May 30, 2013, 04.55 PM IST
Marc-Emmanuel Vives of Societe Generale India sees no more room for quantitative easing and raised concerns about structural issues in all major economies of the world.
Marc-Emmanuel Vives of Societe Generale India believes that investors should not be overreacting to the reports of US Federal Reserve tapering quantitative easing (QE), as it was anyways expected.
"Definitely we already knew that there was no room for additional easing and I think we are just now facing the reality, which is that all the major economies of the world, there are structural issues," Vives told CNBC-TV18.
Global indices have been jittery post US Fed's address on monetary policy. QE fed liquidity has been the key reason for rally in global markets over past three months.
Also read: Eurozone bank lending falls again in April
Marc believes that Euro will weak against dollar going forward in a rebalancing act. "If you look at the fundamentals the very strong position of the euro in the last period of time was a bit striking. At the end of the day the currency has gone through a very strong internal crisis for the biggest part of 2012," Marc explained.
Below is the verbatim transcript of his interview.
Q: The global markets have been jittery on the back of expectations of the Fed tapering its bond buying programme in the month of June. Are you getting a sense that this is just a reason that investors are using to take money off the table or is this more legitimate fear that could play out in the next month?
A: Probably the markets are getting nervous because they are concerned about existence structural issues in all major economies of the world. So, they might be reacting or at times overreacting on some news in the financial evolution. We all know that we are approaching a moment where quantitative easing in US and in other parts of the world is coming to an end. Definitely we already knew that there was no room for additional easing and I think we are just now facing the reality, which is that all the major economies of the world have structural issues that have to be attended. In the case of the US, it just started to attend it in the last two-three years. We see that there is deleveraging that was needed, we see that there is reduction in the huge public deficit. I am from France and we see that the problems in front of us, which is mostly linked to excessive indebtedness at the levels of the states and will last for many years. This is an imbalance that cannot be solved in six months time
There are problems in China too. Even if the level of growth is still very significant when compared to the level of economic growth within developed countries, we have to admit that China was growing at 10 percent. It is more probable that in the next year they will be in the range of between 7 percent and 8 percent. They have their own challenges to make their business model, model of a country evolve from what was completely led by very high investment in infrastructure and very high growth in exports to more domestically led. It is easier said than done. So, I think we are in for a moment of volatility.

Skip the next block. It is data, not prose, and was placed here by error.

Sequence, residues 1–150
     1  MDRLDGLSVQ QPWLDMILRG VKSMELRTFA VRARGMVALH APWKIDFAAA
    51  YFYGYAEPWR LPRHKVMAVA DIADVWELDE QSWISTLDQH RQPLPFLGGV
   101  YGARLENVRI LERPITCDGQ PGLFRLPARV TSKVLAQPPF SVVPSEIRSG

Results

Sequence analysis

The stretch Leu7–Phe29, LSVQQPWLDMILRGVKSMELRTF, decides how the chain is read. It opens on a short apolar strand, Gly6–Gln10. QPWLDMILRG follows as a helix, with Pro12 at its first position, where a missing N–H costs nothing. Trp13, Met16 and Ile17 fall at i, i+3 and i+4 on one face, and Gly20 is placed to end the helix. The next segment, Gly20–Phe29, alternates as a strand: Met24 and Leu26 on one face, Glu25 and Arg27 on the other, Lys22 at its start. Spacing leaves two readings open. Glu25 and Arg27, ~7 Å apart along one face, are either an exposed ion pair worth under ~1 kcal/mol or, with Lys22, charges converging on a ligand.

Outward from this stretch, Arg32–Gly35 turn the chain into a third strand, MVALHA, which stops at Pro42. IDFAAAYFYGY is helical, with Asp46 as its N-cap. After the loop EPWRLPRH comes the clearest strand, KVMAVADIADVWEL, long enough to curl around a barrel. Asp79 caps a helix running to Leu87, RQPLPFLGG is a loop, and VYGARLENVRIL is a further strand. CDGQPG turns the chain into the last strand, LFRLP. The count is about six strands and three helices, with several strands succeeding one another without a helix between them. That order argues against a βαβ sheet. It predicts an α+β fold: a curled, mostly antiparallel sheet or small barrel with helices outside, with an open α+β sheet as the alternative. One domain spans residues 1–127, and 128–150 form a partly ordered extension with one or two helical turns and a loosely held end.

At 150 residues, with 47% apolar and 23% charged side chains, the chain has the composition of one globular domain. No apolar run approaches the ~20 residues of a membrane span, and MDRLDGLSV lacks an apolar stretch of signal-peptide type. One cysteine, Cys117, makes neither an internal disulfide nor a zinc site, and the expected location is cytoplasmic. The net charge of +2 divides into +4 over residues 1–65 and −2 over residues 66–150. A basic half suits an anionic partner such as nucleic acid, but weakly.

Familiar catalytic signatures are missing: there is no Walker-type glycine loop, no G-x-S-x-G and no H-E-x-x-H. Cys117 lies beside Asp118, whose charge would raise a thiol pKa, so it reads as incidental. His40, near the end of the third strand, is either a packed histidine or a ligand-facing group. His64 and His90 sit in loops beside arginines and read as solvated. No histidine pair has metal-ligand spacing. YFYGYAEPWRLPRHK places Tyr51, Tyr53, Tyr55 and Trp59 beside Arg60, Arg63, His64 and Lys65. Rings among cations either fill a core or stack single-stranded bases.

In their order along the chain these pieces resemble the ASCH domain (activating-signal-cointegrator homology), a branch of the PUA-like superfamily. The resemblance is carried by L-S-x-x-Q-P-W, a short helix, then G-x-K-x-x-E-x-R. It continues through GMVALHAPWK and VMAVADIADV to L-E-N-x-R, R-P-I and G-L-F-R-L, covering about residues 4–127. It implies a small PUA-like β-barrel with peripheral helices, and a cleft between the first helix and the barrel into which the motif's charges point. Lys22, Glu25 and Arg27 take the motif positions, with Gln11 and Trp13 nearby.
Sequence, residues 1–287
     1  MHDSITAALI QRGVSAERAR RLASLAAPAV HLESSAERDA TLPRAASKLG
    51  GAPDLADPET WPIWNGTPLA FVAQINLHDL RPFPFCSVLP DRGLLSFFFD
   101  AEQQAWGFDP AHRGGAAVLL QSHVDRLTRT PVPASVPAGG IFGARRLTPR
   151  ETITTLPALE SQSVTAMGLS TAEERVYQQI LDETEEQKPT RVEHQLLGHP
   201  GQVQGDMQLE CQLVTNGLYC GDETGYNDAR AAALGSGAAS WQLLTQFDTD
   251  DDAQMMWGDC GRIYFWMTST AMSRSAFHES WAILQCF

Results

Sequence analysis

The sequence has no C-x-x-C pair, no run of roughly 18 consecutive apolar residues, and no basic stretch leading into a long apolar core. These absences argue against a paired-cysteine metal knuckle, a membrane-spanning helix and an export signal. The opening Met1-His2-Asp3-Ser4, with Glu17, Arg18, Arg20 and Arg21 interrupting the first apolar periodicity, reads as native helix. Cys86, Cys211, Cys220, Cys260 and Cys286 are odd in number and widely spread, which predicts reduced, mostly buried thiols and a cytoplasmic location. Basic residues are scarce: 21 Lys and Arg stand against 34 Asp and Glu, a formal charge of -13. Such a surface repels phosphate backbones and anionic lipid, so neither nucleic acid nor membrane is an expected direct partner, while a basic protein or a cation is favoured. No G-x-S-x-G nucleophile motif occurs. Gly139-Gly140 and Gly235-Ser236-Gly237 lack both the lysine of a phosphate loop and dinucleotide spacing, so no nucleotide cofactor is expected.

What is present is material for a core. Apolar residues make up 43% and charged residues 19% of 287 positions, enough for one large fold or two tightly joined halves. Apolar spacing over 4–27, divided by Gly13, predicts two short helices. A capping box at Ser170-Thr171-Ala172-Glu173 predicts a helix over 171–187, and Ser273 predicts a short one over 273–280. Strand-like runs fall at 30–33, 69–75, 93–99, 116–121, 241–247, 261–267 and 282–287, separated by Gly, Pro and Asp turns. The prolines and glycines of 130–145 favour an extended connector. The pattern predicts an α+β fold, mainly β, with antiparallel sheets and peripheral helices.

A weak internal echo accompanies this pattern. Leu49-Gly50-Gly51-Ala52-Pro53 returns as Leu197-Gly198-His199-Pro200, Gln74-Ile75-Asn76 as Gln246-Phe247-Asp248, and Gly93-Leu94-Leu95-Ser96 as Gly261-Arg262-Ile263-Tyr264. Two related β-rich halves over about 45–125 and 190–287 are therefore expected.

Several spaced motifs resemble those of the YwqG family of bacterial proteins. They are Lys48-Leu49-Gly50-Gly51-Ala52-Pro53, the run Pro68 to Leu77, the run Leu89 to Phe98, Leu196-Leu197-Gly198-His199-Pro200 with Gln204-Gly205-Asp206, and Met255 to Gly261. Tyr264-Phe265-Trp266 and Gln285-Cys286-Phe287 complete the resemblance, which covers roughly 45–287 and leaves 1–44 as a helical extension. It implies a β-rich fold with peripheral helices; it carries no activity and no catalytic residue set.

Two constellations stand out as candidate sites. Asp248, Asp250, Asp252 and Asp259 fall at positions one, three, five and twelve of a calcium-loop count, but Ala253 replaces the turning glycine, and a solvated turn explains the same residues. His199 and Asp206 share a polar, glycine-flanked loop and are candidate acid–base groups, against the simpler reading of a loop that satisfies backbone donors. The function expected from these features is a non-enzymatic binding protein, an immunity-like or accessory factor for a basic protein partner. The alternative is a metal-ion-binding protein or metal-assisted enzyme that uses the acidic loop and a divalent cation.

Q: In terms of what exactly has been taking place on the Nikkei what exactly are the European institutional investors as well as traders talking about. Do you see further downside coming into the Nikkei hence there is some amount of pullback in terms of fresh inflows from the European space into the Japanese markets at all or do you think that this is a good opportunity to accumulate considering the strong fall that we have seen in the past few weeks?
A: That’s probably a very good question, but I am not a specialist of Japanese markets and I am not sure I can give you a very pertinent answer. I think it is natural anyway that there was a correction after a very positive mood that invaded the market after the first announcement, until the first decision by the new Japanese government.
What will be the trend on the Japanese stock exchange for the future, it would be going totally out of my scope of knowledge and responsibility. So, we have to be cautious with this movement. I think it is mostly a correction, which is natural at this stage.
Q: What about the euro. What is your view on the currency itself and what trend are you hoping to see in this year?
A: We are at a moment, at least that’s what we believe, of revaluation of the dollar and definitely we think that over the next period of time we should see the euro go down versus the dollar. I think it is a rebalancing because if you look at the fundamentals the very strong position of the euro in the last period of time was a bit striking. At the end of the day the currency has gone through a very strong internal crisis for the biggest part of 2012. We can expect that now we are if not completely out of the woods at least probably in a much better situation.
I believe and our group believes that we will see the euro weakening in the next period of time.
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